I grew up in a family where entrepreneurship is shunned and something to be ashamed of. My elder brothers flung their exams and were forced to apprentice with various contractors, and started their businesses when opportunity so dictates. And for many years they eked out a living that bothers between the jobless and the freelancer – that is, neither making enough to live in big houses, nor little enough to consider it quit.

From a young age I was told to study hard and get a job in a large corporation. Like in a bank. And that was the only passport to riches beyond my dream. When I graduated from college, all my college mates wanted to work for large companies. The bigger the better. That was the definition of success.

Entrepreneurship then, was for people who failed in their studies. Or who couldn’t get a proper job. Like in a bank.

Fast track to the recent now. All of a sudden (or maybe not such a sudden), we are made to believe that entrepreneurship is the golden ticket to success. That working for others is for losers. Companies large and small are finding it hard to keep good staff. Nobody wants to be just an employee anymore.

The internet has helped pushed entrepreneurs like Richard Branson and Mark Zuckerberg (Suck-a-what?) into mega celebrity’s status. Books, films and TV shows are made around their stories. At least the part where they win the game and get the girls. After all, if a 24-year old can make billions over the internet, what’s stopping another 24-year old from doing so?

But no one ever really features the millions of other Richards and Marks who have tried and failed. Who have mortgaged their houses, sold their cars, used up their kid’s education funds, and then failed miserably in business. Many soldiered on despite the failure. Not because they were determined and wouldn’t let go. But because they can no longer go back to becoming employees, nor face the shame of having failed.

Nor has anyone cared to learn of the failures of those who have now succeeded. It’s certainly not sexy to tell of how Steve Jobs thoroughly made a mess of the likes of Apple Lisa, g4 cube and other such products that Apple would rather not talk about anymore. Or how Bill Gates (and best friend Paul Allen) almost went broke with Traf-O-Data, way before they founded Microsoft. Or nearer home, how Tony Fernandes have to eat humble pie when he gave up a monopoly flying propellers in Sabah and Sarawak, just a year after declaring he’s going to revolutionize things there. Oh no, no one wants to hear about failures.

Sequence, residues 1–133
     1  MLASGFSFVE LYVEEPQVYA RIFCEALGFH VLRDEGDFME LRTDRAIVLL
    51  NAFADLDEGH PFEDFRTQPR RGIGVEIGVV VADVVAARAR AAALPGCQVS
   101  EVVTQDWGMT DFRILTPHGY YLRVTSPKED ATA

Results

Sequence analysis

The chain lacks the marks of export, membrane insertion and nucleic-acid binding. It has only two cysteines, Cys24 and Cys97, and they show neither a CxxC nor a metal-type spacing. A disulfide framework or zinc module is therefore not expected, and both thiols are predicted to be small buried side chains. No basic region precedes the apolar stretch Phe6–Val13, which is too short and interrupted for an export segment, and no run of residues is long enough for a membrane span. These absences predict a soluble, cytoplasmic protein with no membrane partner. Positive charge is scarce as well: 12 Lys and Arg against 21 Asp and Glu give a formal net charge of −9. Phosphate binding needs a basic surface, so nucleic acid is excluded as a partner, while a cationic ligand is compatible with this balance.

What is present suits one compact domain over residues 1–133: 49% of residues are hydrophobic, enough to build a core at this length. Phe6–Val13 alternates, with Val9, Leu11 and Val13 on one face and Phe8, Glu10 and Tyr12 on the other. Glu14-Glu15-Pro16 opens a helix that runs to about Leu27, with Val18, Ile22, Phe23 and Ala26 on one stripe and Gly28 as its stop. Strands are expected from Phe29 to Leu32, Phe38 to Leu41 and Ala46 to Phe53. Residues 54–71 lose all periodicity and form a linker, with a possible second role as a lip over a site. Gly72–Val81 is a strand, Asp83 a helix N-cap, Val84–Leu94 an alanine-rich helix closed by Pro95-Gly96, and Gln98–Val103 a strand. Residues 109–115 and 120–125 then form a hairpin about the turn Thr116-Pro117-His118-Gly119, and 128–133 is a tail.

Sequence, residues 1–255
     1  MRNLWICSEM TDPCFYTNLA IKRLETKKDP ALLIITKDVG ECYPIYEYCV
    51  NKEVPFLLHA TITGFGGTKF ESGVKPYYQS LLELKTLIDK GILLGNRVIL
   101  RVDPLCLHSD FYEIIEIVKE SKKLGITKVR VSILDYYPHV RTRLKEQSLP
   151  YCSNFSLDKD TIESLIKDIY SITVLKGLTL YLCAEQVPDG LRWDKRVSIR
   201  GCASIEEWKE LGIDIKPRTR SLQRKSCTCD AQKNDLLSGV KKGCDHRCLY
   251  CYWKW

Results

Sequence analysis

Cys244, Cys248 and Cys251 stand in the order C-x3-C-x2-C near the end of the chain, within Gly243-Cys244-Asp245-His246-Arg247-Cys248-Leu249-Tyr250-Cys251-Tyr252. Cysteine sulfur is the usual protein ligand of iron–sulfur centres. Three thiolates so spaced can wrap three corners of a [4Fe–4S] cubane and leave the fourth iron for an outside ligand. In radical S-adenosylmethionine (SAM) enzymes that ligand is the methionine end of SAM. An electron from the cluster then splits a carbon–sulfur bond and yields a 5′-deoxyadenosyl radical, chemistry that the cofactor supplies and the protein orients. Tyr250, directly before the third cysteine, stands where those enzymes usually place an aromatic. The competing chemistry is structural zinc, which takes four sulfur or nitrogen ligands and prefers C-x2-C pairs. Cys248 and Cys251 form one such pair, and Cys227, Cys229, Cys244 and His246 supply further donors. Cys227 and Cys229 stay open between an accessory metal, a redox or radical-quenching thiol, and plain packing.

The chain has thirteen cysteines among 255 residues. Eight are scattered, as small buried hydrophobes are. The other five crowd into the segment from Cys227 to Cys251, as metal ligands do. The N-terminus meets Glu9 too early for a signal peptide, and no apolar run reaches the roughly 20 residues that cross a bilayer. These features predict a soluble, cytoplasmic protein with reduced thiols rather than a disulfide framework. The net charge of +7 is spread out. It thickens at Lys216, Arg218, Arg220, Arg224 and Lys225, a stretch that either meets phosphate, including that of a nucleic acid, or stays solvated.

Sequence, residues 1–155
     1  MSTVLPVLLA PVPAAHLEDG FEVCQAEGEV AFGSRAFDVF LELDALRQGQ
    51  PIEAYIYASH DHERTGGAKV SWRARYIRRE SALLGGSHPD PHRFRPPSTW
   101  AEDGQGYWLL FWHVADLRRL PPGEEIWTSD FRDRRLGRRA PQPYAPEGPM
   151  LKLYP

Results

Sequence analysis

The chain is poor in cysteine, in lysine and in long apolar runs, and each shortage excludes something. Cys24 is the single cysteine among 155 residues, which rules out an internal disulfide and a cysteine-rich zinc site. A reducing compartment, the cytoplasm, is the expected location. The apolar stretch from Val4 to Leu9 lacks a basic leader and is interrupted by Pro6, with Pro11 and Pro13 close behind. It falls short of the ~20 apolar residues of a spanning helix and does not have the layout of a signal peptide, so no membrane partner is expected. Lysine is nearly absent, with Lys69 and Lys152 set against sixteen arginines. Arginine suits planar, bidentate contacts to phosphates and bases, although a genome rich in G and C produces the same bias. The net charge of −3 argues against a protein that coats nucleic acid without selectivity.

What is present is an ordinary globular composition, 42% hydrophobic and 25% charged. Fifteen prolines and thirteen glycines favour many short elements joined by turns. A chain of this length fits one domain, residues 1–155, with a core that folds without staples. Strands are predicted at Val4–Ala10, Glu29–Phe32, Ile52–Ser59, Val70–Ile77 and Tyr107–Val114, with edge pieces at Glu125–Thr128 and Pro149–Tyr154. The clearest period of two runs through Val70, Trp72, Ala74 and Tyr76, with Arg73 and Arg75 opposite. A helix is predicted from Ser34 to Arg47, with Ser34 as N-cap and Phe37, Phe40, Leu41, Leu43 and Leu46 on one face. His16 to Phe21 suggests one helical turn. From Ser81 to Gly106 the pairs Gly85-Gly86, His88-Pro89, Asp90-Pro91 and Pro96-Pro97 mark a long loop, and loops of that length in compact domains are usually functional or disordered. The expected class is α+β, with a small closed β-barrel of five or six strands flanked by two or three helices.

Yet it is failures that most entrepreneurs can and should expect. And failures aren’t the only bad news for would-be entrepreneurs. The hours are often longer, not shorter, than an average employee. Yes, one may get to go to the office anytime one fancies, but that often leads to 12-hour days that end way past midnight. And those who think becoming entrepreneurs mean bigger houses and larger cars – think again. Most entrepreneurs, at least those who are starting out, live a pauper life – never certain if and when the money will start rolling in. It explains why airline business classes are filled with managers on expenses account, rather than the entrepreneurs who pay for those.

If entrepreneurship in itself isn’t challenging enough, there’s the government and society who blames entrepreneurs for all the ills of the world. Petrol price too high? Tax the entrepreneurs. Housing is becoming unaffordable? It’s the entrepreneurs’ fault.

If all these sound familiar and you have done all that, and wouldn’t mind doing it all over again, then congratulations, you have finally found the glory of entrepreneurship. If you haven’t, then it’s time to decide if you want all the risks and untold hazards of entrepreneurship. Or choose a safe, high paying job. Like in a bank.


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